• The Office of Undergraduate Research (OUR) gives NC State University students real-life experience in discovery, inquiry and creativity through mentored research experiences with NC State faculty and other national and international scholars and professionals. By assisting students in identifying mentors and valuable research opportunities in their field, and having opportunities to share their research in a variety of venues, including research symposium, research journals, national conferences, and research exploration events, they gain relevant experience and forge important relationships.

Michaela Rikard graduated last year and is now at the University of Virginia pursuing her Ph.D. in Biomedical Engineering studying vascular biology and cardiovascular regenerative medicine. She participated in many of DASA’s high impact programs, and said her undergraduate research helped her take classroom concepts into the real world. She gained the practical skills of experimental design, forming a hypothesis and testing it, gathering and analyzing data, technical writing and presentation skills.

“My research experiences prepared me so wonderfully for graduate school interviews. I had all this excellent research experience that I could talk about during my interviews,” she said. Her advice to incoming freshmen (and other students) to engage with all that DASA offers, “Get involved! Check out an organization or program that you are interested in and then check out a couple things you may not know anything about. You will find new interests and passions in college that you never knew you had. Get outside of your comfort zone. Travel outside of the country. Get work experience. Be engaged in your community.”

  • The Career Development Center (CDC) is offered to all NC State University degree students and recent graduates to facilitate career identity development, career planning, and job placement. Through workshops, symposiums, information sessions and presentations, the CDC guides students through career identity development, experiential learning opportunities, resume building, job search strategies and interviewing practice. The CDC cultivates and maintains relationships with employers for internship job creation and employment opportunities.
  • The Center for Student Leadership Ethics and Public Service (CSLEPS) offers students distinctive learning opportunities that nurture leadership, service, responsible citizenship, and ethics. Among these are the Alternative Service Break (ASB), leadership development workshops and programs, and service initiatives that focus on local, national and global social justice concerns. CSLEPS helps students become ethical and effective leaders, activists, volunteers, philanthropists, engaged citizens, researchers, and social innovators.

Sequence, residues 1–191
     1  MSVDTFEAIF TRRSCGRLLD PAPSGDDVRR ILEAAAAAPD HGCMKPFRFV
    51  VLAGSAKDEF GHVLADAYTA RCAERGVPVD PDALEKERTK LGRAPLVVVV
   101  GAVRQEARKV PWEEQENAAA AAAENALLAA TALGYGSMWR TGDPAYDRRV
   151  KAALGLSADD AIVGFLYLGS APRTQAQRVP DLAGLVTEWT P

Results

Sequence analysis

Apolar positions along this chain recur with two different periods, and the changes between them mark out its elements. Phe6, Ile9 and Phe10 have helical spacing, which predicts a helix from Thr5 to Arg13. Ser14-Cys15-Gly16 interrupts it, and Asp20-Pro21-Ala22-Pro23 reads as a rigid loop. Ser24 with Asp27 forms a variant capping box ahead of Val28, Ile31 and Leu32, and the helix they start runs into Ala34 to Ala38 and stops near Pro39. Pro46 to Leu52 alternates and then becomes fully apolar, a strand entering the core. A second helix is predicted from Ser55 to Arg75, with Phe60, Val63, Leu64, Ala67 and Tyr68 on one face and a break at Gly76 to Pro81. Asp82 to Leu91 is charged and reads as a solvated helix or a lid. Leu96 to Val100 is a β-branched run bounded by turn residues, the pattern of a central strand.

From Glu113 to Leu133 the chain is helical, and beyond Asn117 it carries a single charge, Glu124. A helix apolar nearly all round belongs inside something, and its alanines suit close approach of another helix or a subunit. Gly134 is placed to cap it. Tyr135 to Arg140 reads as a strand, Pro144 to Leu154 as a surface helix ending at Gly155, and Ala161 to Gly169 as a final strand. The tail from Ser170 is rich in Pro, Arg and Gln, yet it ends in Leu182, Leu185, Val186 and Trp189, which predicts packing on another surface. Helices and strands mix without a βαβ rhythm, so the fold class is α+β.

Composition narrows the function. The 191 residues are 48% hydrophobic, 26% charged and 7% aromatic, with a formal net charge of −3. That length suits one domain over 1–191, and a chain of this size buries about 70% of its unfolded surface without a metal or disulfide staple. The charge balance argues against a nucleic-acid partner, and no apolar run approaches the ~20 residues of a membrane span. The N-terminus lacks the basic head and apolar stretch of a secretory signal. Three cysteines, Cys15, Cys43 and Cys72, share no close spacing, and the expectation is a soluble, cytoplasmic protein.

The ASB program started in 1999 in response to Hurricane Mitch, which devastated parts of Central America. A group of students wanted to do something to help. Partnering with Habitat for Humanity, the group went to Honduras to rebuild homes. Over time, and with additional funding from outside sources, the program has grown to include 24 service break experiences and serving 340 student participants ranging from freshmen up through graduate students and even alumni.

Adam Culley, Assistant Director in the Center for Student Leadership, Ethics and Public Service (CSLEPS), said there are ASB participants who have never left North Carolina, or who have never been on an airplane. “These trips provide students with an incredible education on so many levels. We connect students’ passions with the trips, and help them discover how they can make an impact. In the midst of hunger, homelessness, poverty, and environmental issues, we show students how they can do small things wherever they are to make a positive difference.”

For example, when Vira Motashaw, DO, was a NC State pre-med student in 2008, she started the first ASB medical clinic in Mexico. She returned in 2015 to participate on a clinical trip to Ecuador. She said her experience in 2008 directly influenced her work in global health and has driven what she wants to do.

2015 was the first ever alumni ASB trip. Partnering with the Fuller Center for Housing, this group, which included new graduates and seasoned professionals, spent a week building homes in rural Nicaragua. As part of the trip they each made a $400 donation for travel awards to enable NC State students in need of financial assistance to participate in an ASB trip.

Kalene Hanson, a senior in Industrial and Systems Engineering, heard about the ASB programs on a visit to NC State as a high school senior. “What attracted me to NC State in the first place is how it’s rooted in service, so the ASB program caught my attention.” Her first trip was an engineering trip to Nicaragua, with a focus on water quality. “It was eye opening to see how some people have to work so hard for clean water. We take for granted that we turn on our faucets and out comes clean, clear water,” she said.